End to resident parking sought for partial block
by BRIAN NADIG
A proposed ordinance would lift the residential permit parking that exists on a portion of the 5500 block of West Balmoral Avenue.
Alderman John Arena’s chief of staff Owen Brugh said that the permit parking restriction on the block was imposed years ago even though it did not meet the city’s minimum standards. Area residents brought the issue to the alderman, and an ordinance introduced in September by Arena would eliminate the restrictions on the block, Brugh said.
The permit parking restriction is only in effect in front of an apartment building at 5536-40 W. Balmoral Ave. City law requires a minimum 2-block stretch for residential permit parking, Brugh said.
Brugh said that it is not clear how the permit zone was approved. He said that the zone is 100 feet long and that it often is vacant.
To park in a residential permit zone, vehicle owners must provide the city proof that they live in the zone and pay an annual $25 sticker fee for their vehicle. Guest passes also are available for purchase.
Brugh said that since Arena became the alderman in 2011, there has been little expansion of residential parking in the 45th Ward. He said that permit zone was expanded near the Jefferson Park CTA terminal, 4917 N. Milwaukee Ave., and two zones were combined, with the hours of parking restrictions reduced on the blocks closest to Cicero Avenue, near the Six Corners shopping district.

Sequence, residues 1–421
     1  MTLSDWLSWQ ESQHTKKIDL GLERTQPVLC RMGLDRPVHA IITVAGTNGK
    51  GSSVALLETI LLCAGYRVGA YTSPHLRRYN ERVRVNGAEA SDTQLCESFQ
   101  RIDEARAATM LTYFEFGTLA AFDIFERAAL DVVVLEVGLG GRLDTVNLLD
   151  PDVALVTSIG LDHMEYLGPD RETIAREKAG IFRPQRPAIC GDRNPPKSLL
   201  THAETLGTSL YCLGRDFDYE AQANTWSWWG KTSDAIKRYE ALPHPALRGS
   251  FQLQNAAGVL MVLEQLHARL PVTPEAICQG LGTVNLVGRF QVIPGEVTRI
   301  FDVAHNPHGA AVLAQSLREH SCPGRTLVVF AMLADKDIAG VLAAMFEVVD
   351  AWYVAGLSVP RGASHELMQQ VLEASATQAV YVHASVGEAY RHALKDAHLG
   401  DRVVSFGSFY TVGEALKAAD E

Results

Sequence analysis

"There are times when it is necessary, (but) we’re not big fans of it," Brugh said of permit parking. Many aldermen have said that once they allow permit parking on one block, the residents of the next block want it, creating a "domino effect."
To obtain permit parking in an area, residents must submit a petition with the support of at least 70 percent of the vehicle owners living there, and a determination is made on the least number of hours that the parking restrictions would have to be in effect in order to address the residents’ concerns, Brugh said.
The city Department of Revenue also studies the number of available parking spaces on a block and the number of parkers who do not live there as part of the decision-making process.